Silicon Valley is the nexus of the entrepreneurship in the 21st century. While European tourists may duck into a medieval church to sightsee, a Bay Area tourist may take in any number of technological cathedrals. In the Bay, it is easy to trace the history of technology companies like Google, Tesla, Hewlett Packard and Apple from humble beginnings in garages and university labs to flashy corporate campuses. A significant number of these companies have their roots at Stanford University, and it is a focal point for innovation in the Bay Area. It was my distinct honour to have my placement with Osgoode’s Intellectual Property Intensive Program at CodeX, the Stanford Centre for Legal Informatics.
This past semester at CodeX has offered me an array of experiences: first as a law student, but also as an engineer, a tourist, and a legal technologist. Codex is the Stanford Center for Legal Informatics, bringing together law students, lawyers, entrepreneurs, technologists and software developers to explore and advance applications of technology to legal systems. As a law student with a background in software development, CodeX offered me a unique opportunity to combine my past experience with my education at Osgoode.
The main focus of my placement at CodeX was to assist in the design and development of the Legal Tech Index. The Index is an open source database that tracks a broad spectrum of innovative legal tech companies. These companies represent an incoming wave of disruption to the legal industry, although the degree of disruption is not yet clear.
In the Bay Area, disruption is a consistent theme that goes hand-in-hand with entrepreneurship. In 2011, Silicon Valley trailblazer Marc Andreessen declared that “Software Is Eating The World”, arguing that we are in the middle of a dramatic shift where software companies are poised to disrupt and dominate established markets. In the 6 years since, we have seen his predictions to come true many times over.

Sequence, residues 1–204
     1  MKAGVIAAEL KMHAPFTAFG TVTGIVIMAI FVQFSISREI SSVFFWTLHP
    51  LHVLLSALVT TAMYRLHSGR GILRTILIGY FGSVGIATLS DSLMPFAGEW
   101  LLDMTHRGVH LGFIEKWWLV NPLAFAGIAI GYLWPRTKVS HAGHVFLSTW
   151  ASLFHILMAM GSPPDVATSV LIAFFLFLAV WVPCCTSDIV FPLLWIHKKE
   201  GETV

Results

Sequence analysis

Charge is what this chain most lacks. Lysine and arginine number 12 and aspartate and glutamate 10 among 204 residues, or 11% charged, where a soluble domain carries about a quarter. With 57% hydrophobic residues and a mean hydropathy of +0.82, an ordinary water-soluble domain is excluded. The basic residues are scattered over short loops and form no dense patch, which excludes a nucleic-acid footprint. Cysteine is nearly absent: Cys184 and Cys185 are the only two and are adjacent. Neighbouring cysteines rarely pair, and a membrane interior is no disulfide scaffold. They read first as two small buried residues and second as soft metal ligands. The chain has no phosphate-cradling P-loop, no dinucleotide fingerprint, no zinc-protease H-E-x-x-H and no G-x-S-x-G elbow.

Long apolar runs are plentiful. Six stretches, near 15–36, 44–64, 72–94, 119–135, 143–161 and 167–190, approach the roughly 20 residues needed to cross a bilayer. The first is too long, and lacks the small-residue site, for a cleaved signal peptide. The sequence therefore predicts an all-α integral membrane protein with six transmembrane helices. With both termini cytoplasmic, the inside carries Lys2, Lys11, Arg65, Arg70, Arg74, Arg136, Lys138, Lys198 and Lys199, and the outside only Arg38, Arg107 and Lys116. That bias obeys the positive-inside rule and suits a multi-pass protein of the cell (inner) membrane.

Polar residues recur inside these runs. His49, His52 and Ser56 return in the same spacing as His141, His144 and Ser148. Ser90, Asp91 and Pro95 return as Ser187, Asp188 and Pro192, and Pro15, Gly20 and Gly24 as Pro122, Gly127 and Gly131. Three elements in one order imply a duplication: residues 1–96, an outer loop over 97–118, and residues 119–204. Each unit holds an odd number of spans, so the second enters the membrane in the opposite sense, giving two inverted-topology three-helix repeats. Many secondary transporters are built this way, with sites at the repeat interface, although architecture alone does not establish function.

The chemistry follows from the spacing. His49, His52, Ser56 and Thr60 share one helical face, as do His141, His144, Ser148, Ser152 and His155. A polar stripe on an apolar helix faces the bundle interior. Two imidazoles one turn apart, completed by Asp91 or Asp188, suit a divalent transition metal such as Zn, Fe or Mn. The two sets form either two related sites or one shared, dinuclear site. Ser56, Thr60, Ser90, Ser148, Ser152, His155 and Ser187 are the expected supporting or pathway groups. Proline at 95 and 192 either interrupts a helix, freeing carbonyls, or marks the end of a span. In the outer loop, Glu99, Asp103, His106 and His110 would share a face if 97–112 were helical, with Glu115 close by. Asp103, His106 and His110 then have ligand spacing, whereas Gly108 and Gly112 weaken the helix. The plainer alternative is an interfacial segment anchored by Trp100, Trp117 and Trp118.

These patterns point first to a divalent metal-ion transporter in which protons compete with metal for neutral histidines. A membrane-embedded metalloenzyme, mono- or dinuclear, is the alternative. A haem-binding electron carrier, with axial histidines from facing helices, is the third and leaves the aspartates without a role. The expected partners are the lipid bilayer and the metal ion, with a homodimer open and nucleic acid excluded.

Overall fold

Uber’s disruption of the taxi industry, Airbnb’s disruption of the hotel industry, Netflix’s disruption of the television and movie industry and Amazon’s disruption of both online and brick-and-mortar retailing all evidence the truth in Andreessen’s argument. There is also an emerging consensus about the reasons why this disruption is so prevalent now: minimal barriers to entry for software start-ups, wide public adoption of broadband Internet and mobile phones, the numbers of software developers and data scientists graduated each year, the inherently data-focussed approach used in software, and finally the maturity of software development processes to quickly and robustly build quality applications.
Legal tech has faced its share of headwinds, but also huge potential. In the words of my Stanford advisor Dr. Roland Vogl “The reality has not matched the rhetoric”. While there are some players who are broadly successful (legal service providers such as LegalZoom, Avvo and RocketLawyer are examples of this), the adoption of legal tech has its own share of unique challenges and has struggled to find the critical mass required to trigger its broad adoption. The potential of legal technology is more efficient practice, higher quality service delivery for clients, and improved access to justice with new delivery methods and lower costs.
Many of the successful established legal tech companies so far operate as so-called document and process automation, assisting their customers with streamlining practice management and document drafting. Newer legal tech start-ups however are applying data analytics and machine learning technologies to areas of the law. These new applications offer the ability to assist lawyers in assessing risk and decision making, and in some cases making decisions themselves.
Two start-ups who visited CodeX during my placement were PredictGov and Docket Alarm. Each offers predictive analytics for lawmakers and lawyers. The former offers real-time prediction of the success of proposed legislation, and the latter predicts of outcomes of court and tribunal cases. The predictive capacity of these services offers major value for lawyers in representing the interests of their clients. These services are also among the first, and there will be many more technologies to come offering predictive capabilities in other fields.
This semester has given me the opportunity to see what law could be, and how it may change. The future may hold incremental changes in practice or even broad paradigm shifts in the practice itself. It’s reassuring to know that there are institutions like CodeX considering the benefits and the consequences of innovative changes in the legal profession.
Paul Blizzard is a JD Candidate at Osgoode Hall Law School and was enrolled in Osgoode’s Intellectual Property Law and Technology Intensive Program. As part of the program requirements, students were asked to write a reflective blog on their internship experience.